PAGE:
Getting Serious About Signage

— By Dan Smith —

Investing in the right commercial-grade digital signage is as strategic as a brand’s messaging.


Would you like fries with that? Increasingly, thanks to digital signage, the answer is yes. At quick-service, fast-casual and other national restaurants, digital signage and menu boards are gaining adoption and believed to contribute to increased sales. So it’s important that restaurants adopt technology that protects and augments those gains.

Dan Smith, LG Business Solutions USA

There’s plenty of opportunity out there. According to the QSR Drive-Thru Performance Study, about 20% of brands deployed digital menu boards.

The fact is, digital signage in QSRs and other restaurants can deliver real benefits. Digital signage makes it easy to comply with disclosure regulations, such as displaying calorie counts and allergens. Whether in a seating area or at a drive-thru lane, digital signage also enables automated scheduling of promotions and digital menu dayparts for breakfast, lunch and dinner. Scheduling simplifies operations and reduces labor costs by eliminating the need for employees to physically set up various menu boards throughout the day, while software solutions allow owners to make real-time changes, such as adjusting pricing, labeling an item as sold out or promoting limited-time offers.

Adding digital signage is a wise, strategic investment that can directly impact QSR sales and revenue. By some estimates in Digital Signage Today, QSRs can recover their digital signage outlay in as little as 6 months, with 42% recouping their investment in one year or less. With the right technology, the return is even measurable, introducing the opportunity for fine tuning messaging or A/B campaign testing to further improve sales. With the right dynamic content, digital signage can help QSRs upsell customers on new, different, “missing” or value-added offerings.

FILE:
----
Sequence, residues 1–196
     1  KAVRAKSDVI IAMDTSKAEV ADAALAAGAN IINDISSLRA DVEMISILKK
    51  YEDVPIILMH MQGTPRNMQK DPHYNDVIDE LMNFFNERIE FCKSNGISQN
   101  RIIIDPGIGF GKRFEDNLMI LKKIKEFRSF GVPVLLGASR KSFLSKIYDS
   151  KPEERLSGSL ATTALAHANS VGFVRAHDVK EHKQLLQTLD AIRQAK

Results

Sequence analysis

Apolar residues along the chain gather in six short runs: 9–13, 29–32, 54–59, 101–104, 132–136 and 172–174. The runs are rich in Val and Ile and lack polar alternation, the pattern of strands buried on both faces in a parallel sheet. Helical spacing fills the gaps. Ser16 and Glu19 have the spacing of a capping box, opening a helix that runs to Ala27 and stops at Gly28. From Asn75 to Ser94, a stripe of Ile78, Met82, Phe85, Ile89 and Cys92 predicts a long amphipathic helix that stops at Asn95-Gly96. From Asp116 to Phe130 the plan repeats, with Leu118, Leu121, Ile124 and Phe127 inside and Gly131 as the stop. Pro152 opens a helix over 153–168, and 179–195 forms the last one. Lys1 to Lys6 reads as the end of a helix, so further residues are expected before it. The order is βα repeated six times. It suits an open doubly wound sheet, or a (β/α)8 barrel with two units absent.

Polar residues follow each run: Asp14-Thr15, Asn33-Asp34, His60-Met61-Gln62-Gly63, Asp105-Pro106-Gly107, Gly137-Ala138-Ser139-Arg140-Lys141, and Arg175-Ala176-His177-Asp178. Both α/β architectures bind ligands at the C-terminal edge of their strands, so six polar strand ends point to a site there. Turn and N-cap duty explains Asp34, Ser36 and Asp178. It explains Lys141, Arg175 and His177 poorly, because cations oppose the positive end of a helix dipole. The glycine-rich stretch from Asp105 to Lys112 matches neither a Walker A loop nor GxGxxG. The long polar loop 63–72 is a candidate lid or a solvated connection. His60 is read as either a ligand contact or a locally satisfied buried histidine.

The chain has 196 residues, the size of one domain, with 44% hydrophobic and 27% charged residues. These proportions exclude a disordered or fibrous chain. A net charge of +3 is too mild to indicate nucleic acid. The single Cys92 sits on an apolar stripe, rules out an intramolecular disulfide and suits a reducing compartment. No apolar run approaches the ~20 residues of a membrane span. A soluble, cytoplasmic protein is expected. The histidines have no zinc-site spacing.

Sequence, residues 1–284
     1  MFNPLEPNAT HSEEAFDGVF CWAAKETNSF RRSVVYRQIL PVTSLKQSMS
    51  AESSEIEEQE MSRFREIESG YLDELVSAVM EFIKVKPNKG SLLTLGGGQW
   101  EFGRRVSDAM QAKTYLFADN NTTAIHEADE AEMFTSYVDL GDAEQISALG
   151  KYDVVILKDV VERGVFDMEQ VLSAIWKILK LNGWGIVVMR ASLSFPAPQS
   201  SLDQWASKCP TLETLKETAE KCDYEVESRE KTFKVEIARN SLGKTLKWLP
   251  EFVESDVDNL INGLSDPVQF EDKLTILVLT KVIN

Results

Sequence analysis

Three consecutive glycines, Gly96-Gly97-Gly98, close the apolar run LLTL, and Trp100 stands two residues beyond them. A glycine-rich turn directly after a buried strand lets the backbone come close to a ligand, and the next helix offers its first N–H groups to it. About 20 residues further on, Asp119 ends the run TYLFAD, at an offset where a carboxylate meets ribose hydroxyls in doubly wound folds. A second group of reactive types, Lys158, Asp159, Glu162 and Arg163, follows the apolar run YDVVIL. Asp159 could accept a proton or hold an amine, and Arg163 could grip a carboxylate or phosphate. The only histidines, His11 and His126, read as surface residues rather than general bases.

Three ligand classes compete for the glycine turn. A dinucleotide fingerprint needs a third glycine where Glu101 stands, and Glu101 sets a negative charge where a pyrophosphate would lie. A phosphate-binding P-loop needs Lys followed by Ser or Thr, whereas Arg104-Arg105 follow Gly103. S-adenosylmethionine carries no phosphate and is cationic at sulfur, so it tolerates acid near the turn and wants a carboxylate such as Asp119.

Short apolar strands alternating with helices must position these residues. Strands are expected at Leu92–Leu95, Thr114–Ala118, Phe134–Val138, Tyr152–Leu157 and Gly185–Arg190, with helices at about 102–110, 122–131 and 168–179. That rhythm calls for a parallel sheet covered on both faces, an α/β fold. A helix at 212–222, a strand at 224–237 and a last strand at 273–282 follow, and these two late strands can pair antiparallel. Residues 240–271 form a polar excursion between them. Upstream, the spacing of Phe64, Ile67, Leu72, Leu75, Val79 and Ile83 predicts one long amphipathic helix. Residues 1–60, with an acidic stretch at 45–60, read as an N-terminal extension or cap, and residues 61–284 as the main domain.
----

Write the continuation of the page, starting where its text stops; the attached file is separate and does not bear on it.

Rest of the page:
Therefore, as digital signage becomes more of a brand standard to restaurants’ market position, it’s important that they implement technology that reliably supports their business goals. Some chains, franchises and local QSRs may be tempted to deploy a fleet of flat-screen consumer-grade TVs available from box stores — inexpensive and abundant. But such TVs, while well-suited for the home, were not built for the rigors of enterprise digital signage. They also lack features to help make the most of a digital signage network that spans many locations.

Whether a restaurant brand is looking to get started with digital signage or expand and upgrade its existing signage network, there are many reasons it’s important to work with professional installers who specify commercial-grade displays:

  • They’re built to last. Commercial digital signage displays last longer than consumer TVs. Designed to run up to 24 hours a day, 7 days a week, these displays have more robust protections that make them ideal for use in high-traffic environments. For example, a process called conformal coating used on LG’s QSR solutions protects the displays’ internal parts that would otherwise be susceptible to food, fine particles, dust, moisture and more.